A woman who was at the centre of a sex abuse ring which used children as "sexual play-things" showed no pity for or interest in her victims, police have said ahead of her sentencing.
Former insurance worker Marie Black, 34, has been convicted of 23 offences, including rape, conspiracy to rape and inciting a child to engage in sexual activity, relating to the abuse of five young children over a six year period.
Along with two former partners - hospital porter Jason Adams, 43, and coach driver Michael Rogers, 53 - she was found guilty earlier this year after a trial at Norwich Crown Court and will be sentenced on Monday.
The trial heard that Black was instrumental in abuse against the two boys and three girls in and around Norwich and London.
It included forcing the children to have sex with and in front of one another. On occasions children's toys, such as Barbie dolls, were used in the attacks.
The trio are said to have hidden behind a "veneer of respectability" as they invited other adults to parties where the children were abused and played card games to decide who would abuse which child.
Detective Chief Inspector Pete Hornby said that, as the "one common denominator", Black was at the centre of all of the abuse. In each case she introduced the children to their abusers.
He added it was particularly unusual for a woman to play a lead role in abuse which was "beyond most people's imagination".
"She simply denies that this abuse happened so it is very difficult to offer any explanation for her behaviour," Mr Hornby said.
"She played an active part in the abuse and facilitated abuse by others.
"She was at the centre of the spider's web of abuse."
Mr Hornby added that all three were convicted of specimen counts - meaning the actual number of abusive incidents was likely to run into the hundreds.
The trial heard that the attacks were so frequent that the children came to accept it as a normal part of daily life.
Prosecutor Angela Rafferty said jurors would be asked to decide if Black was "a helpless victim of abusive males or herself deeply involved with the children's ill treatment?''
Black chose not to give evidence at her trial meaning no explanation for her involvement has ever been offered. All three defendants denied that any abuse happened.
Mr Hornby said the investigation suggested she was a "willing and active participant".
When interviewed by police, she denied that she had ever been involved. According to investigators, she showed no pity for the children and no emotion.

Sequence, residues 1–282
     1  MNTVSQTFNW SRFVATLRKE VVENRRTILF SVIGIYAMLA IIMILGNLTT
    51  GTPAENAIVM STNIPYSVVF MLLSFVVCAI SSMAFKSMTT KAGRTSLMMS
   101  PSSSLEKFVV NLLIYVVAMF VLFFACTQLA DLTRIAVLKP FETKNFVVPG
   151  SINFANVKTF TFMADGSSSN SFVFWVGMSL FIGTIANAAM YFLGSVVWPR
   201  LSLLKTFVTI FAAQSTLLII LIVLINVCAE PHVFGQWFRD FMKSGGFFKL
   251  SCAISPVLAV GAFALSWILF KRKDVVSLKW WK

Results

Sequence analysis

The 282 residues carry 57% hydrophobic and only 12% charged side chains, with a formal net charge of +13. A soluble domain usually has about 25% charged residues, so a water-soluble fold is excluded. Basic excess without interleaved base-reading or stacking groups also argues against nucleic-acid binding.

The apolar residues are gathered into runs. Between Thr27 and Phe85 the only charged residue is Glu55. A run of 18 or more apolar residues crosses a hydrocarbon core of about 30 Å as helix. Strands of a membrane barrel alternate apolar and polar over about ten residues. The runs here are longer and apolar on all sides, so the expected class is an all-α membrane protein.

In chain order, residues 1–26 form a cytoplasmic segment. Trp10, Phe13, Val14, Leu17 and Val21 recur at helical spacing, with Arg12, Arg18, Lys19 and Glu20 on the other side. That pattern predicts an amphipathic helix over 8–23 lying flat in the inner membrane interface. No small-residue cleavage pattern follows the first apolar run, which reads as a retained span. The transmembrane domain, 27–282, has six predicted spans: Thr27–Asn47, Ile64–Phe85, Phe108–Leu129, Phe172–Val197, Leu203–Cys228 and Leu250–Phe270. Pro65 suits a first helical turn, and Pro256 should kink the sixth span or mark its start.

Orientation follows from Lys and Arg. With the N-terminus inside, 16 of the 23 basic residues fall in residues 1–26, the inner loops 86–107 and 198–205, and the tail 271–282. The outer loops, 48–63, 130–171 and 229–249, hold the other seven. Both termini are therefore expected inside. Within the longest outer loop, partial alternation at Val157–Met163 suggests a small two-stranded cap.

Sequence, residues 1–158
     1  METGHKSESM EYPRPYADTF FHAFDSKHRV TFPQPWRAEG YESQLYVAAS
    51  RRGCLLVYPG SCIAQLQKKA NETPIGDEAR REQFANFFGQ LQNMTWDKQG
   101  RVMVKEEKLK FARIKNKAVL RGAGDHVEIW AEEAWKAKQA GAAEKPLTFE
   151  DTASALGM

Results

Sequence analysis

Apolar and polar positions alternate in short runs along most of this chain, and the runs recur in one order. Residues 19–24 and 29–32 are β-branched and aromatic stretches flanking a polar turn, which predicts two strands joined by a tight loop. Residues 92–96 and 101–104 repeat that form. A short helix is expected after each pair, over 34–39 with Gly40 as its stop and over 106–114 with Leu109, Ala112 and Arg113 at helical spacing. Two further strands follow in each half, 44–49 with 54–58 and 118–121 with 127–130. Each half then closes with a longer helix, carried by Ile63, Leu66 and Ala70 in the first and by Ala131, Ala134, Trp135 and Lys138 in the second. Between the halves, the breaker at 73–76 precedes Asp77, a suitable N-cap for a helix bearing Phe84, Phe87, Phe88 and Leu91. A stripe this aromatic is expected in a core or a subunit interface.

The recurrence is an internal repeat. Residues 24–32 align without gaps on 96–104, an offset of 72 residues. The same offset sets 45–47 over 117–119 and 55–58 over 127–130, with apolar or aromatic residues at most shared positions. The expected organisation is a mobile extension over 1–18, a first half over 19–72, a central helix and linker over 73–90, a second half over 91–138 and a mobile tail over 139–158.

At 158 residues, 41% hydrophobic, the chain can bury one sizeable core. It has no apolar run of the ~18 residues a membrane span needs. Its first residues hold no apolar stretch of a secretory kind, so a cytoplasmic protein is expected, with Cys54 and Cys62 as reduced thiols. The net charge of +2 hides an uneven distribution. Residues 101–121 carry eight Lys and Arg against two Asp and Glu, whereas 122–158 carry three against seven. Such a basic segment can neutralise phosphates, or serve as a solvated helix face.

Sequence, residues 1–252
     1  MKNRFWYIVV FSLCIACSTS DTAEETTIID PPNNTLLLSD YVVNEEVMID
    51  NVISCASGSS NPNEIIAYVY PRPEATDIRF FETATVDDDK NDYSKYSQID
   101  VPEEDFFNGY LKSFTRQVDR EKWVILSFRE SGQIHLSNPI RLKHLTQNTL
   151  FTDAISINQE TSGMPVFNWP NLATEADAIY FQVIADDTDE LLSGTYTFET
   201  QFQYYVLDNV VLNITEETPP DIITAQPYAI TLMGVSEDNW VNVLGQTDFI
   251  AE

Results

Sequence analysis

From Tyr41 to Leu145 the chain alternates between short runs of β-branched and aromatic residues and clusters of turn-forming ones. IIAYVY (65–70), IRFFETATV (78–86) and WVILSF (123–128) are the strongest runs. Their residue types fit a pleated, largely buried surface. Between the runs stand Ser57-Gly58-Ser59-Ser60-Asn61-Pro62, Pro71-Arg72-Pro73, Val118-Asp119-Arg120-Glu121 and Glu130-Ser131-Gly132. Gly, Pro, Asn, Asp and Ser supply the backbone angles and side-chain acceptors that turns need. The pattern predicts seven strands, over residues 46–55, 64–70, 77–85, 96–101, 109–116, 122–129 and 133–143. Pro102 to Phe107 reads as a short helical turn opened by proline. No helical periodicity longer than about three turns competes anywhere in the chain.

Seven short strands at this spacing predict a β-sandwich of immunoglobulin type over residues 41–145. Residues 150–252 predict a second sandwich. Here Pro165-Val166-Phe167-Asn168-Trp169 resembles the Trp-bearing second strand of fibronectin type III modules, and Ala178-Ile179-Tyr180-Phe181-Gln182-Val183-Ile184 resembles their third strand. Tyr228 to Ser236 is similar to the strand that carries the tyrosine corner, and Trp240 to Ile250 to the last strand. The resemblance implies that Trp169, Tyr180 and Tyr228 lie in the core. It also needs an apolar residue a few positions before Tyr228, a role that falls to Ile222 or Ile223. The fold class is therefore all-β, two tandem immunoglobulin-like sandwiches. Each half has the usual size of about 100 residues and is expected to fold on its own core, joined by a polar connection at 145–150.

However, officers found no evidence that she had been coerced or pressured into the abuse.
Black met Adams through a lonely hearts advert in a newspaper and they quickly married in 2002. The abuse began soon after the start of this relationship.
Their relationship broke down in 2008 and within months she had met Michael Rogers through an internet dating site.
He moved into her home in Norwich within three weeks. Again the abuse started almost immediately, police say.
There is no evidence that either man had been involved in child abuse before meeting Black and she was also of previous good character.
Mr Hornby said: "Like most criminal activity, their behaviour happened in the shadows.
"They had normal jobs and there whole lives were set up to appear normal and hide their paedophilic activity.
"Maybe at some point in the future through rehabilitation or the probation process she will offer some acknowledgement and explanation for what happened. Until then we cannot say how this began.
"It seems they ended up viewing the children as sexual playthings and lost sight of the fact that they were kids.
"All the normal instincts of an adult protecting a child went out of the window."
He added that five years after the police investigation began and the children were taken to safety they were now beginning to put their ordeals behind them.
"They are in a safe place now and are living the kind of normal life they deserve," he added.
"They are remarkable children considering the darkness they have experienced."
After verdicts were delivered, Black, from Norwich, sobbed uncontrollably in the dock as the verdicts were delivered. She was heard saying: ''I've been stitched up.''
Rogers, from Romford, Essex, was found guilty of 14 counts including cruelty, rape and inciting a child to engage in sexual activity and Adams, 43, from Norwich, was found guilty of 13 similar counts.
Co-defendant Carol Stadler, 59, from Norwich, was found guilty of assault causing actual bodily harm but cleared of nine other charges, including serious sexual assaults.
Six others - Anthony Stadler, 63, Nicola Collins, 36, Andrew Collins, 52, Judith Fuller, 31, Denise Barnes, 43, and Kathleen Adams, 85, all from Norwich - stood trial but were cleared of all counts.